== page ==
3

For example, Chinese, Indian,.. did they use something like dot mark to separate sentences? If not, how can they know something is an object of the first sentence or the subject of the latter sentence?

I.e "I love you and Ann and Bruce and Charlie don't love you" is two sentences with two meanings based on different positions of dot mark

I love you and Anna. And Bruce and Charlie don't love you

I love you. And Anna and Bruce and Charlie don't love you

4

Yes, though their uses tend to be sporadic and/or inconsistent.

Ancient Chinese texts also used as both a full-stop and a comma, or a - for pauses. However, there's a great deal of variation and inconsistency. Often they are omitted and readers are expected to work it out from context, or sentence structures especially if the document is written with a fixed style.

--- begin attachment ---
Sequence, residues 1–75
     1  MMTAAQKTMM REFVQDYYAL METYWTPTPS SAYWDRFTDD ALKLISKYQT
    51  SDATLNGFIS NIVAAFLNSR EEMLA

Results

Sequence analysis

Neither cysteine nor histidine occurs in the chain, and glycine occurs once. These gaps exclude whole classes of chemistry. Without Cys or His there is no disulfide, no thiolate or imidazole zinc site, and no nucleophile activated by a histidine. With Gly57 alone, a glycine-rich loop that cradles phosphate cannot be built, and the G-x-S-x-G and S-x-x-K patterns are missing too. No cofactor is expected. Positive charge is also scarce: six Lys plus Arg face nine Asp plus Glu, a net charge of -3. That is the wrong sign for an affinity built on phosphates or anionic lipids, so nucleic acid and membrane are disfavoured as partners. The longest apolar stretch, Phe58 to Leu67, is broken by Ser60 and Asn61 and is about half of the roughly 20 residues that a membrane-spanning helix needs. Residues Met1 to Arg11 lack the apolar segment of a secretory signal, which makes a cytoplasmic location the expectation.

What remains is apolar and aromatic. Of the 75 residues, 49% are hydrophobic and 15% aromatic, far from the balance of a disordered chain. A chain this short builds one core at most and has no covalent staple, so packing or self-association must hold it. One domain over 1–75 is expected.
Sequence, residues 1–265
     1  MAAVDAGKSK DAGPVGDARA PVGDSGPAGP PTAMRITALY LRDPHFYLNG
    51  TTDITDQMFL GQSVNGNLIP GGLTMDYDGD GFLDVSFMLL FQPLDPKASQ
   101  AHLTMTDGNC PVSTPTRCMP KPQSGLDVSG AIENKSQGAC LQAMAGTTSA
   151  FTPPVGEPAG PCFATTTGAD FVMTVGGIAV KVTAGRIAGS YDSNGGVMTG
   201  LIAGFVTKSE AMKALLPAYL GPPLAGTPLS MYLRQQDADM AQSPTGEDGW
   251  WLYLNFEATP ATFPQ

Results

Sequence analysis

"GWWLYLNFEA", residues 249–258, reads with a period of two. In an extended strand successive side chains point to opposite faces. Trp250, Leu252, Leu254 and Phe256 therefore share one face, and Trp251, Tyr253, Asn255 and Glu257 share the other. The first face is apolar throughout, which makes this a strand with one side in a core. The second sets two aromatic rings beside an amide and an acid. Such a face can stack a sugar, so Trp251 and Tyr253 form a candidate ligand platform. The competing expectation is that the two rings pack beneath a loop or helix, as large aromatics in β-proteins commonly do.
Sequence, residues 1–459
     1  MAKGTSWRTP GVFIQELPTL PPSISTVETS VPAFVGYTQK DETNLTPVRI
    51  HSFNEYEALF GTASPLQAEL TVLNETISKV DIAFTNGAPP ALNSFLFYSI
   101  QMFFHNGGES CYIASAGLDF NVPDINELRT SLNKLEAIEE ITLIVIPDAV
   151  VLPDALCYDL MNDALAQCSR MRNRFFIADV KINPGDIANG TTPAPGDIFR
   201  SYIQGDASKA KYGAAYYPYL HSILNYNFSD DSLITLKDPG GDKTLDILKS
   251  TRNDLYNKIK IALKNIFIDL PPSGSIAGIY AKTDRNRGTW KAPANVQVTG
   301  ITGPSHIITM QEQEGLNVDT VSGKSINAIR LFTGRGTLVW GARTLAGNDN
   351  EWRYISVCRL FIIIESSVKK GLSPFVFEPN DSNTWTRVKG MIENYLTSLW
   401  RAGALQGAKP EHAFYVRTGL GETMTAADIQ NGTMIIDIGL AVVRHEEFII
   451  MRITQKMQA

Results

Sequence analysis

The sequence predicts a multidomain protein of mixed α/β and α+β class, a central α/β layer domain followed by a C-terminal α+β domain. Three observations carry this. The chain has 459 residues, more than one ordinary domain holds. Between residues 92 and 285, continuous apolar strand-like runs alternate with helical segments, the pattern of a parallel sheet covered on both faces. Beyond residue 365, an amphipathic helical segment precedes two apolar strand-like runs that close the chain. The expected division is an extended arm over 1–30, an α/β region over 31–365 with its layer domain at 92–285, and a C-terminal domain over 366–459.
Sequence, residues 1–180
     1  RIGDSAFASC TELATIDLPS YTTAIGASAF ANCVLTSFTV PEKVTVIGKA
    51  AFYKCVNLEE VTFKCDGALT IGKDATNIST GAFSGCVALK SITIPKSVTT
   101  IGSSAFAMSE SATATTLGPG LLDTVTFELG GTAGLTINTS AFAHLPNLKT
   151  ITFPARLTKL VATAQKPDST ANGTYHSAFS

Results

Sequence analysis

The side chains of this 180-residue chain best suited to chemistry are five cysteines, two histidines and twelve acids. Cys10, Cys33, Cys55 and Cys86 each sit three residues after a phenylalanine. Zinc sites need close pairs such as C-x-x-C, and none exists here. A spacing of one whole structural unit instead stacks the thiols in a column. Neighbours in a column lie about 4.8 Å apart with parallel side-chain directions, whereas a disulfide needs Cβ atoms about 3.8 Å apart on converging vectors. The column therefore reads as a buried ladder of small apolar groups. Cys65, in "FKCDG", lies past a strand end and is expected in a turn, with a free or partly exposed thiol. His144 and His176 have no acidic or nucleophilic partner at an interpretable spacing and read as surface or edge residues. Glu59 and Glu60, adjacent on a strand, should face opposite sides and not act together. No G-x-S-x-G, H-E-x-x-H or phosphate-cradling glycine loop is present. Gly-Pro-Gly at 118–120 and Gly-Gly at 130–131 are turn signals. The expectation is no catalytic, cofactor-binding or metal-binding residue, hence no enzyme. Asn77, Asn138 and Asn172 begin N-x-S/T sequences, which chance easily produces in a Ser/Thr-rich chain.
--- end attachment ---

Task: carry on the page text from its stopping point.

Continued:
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-- A copy of the Tao Te Ching excavated from the Han Dynasty burial site King Ma's Mound. Some of the punctuation marks, which seem to be analogous to a modern comma, are circled in blue.

Classical Greek also had punctuations that are largely shared with Latin. Here's some with their modern European counterparts:

  • Fullstop: .
  • Comma: ,
  • Colon: ·
  • Semicolon: ·

The question mark in Greek developed much later, but was apparently ;

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